Core By Clare Smyth is exactly the place to get involved in fine dining if you’re someone who, shockingly, actually wants a proper meal. Headed up by a chef whose CV reads like The Michelin Guide To Planet Earth, this converted townhouse in Notting Hill has the feel of your quietly fancy friend’s living room (read as: candles, books, tasteful foliage, and plush grey seating). The food will essentially be a tour of excellent but familiar British produce, combined with the occasional unusual ingredient that will make you say ‘why have I never eaten a potato topped with herring and trout roe before?’. A three-course lunch here starts at around the hundred quid mark, but when you’re looking to go big, it’s perfect.
Tasting menu: from £155
Social Eating House is all about fine dining done Soho-style. If you’re currently picturing Jeffrey Bernard meticulously tweezing edible flowers onto a pint, then same. But that’s not what Social Eating House is about. It’s a low-lit room that’s equal parts impressive and relaxed, with just a hint of that Soho buzz. No matter what you order you’re guaranteed to receive something that looks more like a Rothko than dinner, but trust us, just pop it in your mouth and you’ll be happy. If you’re looking to go all out, then book a coveted seat at the chef’s counter to watch your hazelnut scallops and lamb with ricotta cream be prepped directly in front of you. Please note that any meal here should absolutely be rounded off with an expert cocktail at their bar, The Blind Pig.
Tasting menu: from £95
25 Must-Eat Dishes From London Restaurants
Unlike most of the restaurants on this list, Casa Fofó is a neighbourhood restaurant. It’s a lowkey tasting menu restaurant in Hackney making an always changing menu of delicious and indefinable food. £45 will get you seven courses of things like almond ravioli in chuggable mystery broth #1, or a bowl of plain looking pasta that turns out to taste like the very essence of oyster (and chilli). The only decision to make is who to come with, and we’d recommend a date, as this is one of E8’s most intimate and unique restaurants.
Tasting menu: £45
For any other sad and avid watchers of Masterchef (N.B. we include ourselves in this category) you might like to know that Akoko was originally headed up by ex-contestant William Chilila. It isn’t now, but there’s a fact. Anyway, this fancy West African restaurant in Fitzrovia is serious about flavour. Their takes on boli and epa (plantain and groundnut) and miyan taushe (pumpkin soup) will make you wistful for a more lobster-in-soup-filled life you’ve never led. Atmosphere-wise it’s cool and comfortable, while still being serious about food (and explanations).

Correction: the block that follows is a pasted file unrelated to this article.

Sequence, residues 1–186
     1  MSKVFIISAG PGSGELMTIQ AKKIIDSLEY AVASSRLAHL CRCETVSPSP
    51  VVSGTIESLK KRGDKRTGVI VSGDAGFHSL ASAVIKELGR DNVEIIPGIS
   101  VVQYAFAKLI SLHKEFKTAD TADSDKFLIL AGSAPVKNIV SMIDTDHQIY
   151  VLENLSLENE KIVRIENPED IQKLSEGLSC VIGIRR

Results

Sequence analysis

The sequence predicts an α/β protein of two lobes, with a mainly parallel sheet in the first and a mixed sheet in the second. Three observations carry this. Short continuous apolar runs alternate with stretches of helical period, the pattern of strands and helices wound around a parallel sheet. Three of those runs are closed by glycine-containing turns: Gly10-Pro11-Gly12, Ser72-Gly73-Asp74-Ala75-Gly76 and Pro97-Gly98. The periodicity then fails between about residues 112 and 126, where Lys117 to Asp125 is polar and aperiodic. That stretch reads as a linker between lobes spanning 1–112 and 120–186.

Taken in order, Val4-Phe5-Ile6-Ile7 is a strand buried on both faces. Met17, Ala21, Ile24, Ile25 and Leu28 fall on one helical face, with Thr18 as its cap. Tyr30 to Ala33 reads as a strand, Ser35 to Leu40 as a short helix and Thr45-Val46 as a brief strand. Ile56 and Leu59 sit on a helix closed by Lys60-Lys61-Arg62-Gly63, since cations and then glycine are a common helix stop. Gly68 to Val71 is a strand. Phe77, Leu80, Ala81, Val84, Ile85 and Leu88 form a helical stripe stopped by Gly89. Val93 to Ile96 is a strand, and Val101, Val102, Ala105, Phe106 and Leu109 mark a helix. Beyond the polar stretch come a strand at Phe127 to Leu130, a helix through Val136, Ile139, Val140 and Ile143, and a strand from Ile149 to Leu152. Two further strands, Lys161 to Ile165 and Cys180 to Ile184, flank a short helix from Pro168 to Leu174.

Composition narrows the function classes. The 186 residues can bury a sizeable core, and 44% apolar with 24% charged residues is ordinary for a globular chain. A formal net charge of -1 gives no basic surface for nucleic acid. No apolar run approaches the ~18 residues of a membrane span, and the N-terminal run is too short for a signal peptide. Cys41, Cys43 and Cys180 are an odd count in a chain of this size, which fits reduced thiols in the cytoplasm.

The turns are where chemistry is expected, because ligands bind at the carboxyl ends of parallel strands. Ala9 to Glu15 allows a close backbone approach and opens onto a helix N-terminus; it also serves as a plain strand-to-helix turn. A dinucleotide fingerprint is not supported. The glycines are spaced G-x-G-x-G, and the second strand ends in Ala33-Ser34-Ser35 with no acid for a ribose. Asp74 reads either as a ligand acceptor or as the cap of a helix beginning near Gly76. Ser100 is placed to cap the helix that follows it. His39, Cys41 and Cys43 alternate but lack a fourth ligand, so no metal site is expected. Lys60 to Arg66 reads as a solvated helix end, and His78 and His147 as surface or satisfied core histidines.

Tasting menu: £70
Chances are you’ll have a good idea of who Mere’s head chef is if you’ve ever watched that famed cooking show that rhymes with, erm, pastor breath. Wink wink, nudge nudge. But outside of its high-flying founder, there are a whole host of reasons you should visit this sophisticated restaurant on Charlotte Street in Fitzrovia. A fine dining spot that runs like clockwork, the tasting menus are packed full of French classics with a touch of South Pacific flavours. Think duck smoked in manuka honey with sweet pickled cherries and a pistachio crumb. The space itself is very tranquil, so we’d say this place is best reserved for special occasion dinners with the family and impressive meals with people who are into organised fun.
Tasting menu: £86
There are two superlative-laden whitewalled British restaurants in the middle of Shoreditch. One is St. John Bread and Wine—which is simultaneously a little fancy but utterly unfussy—and the other is Lyles, which is both fancy and fussy when it comes to food. And that’s what makes it so good. The tasting menu reads simply—razor clams and tomatoes, fore rib and onions—but that isn’t to say it tastes simple. In fact every ingredient at Lyle’s is turned up to the max, and with nothing else to focus on in the industrial space, it’s the food that’s the centre of attention.
Tasting menu: £79
Oh lovely, lovely Launceston Place. We challenge anyone to come here and not consider hiding under your white cloth table in the hopes that they won’t notice you and you can just live in this charming and quiet corner of Kensington forever. Our favourite thing about this place is that despite serving things like pigeon with blackberry jus and duck liver parfait, it doesn’t take itself too seriously. Case in point: the miniature Henry hoovers the suited servers use to clear the crumbs from your table between courses, and the confit potatoes that arrive in mini shopping trolleys. Basically, there’s a whole lot that will make you smile here, least of all the truly spectacular food that comes as part of both their excellent value lunch and dinner set menus, and their eight-course tasting menus.
Tasting menu: £85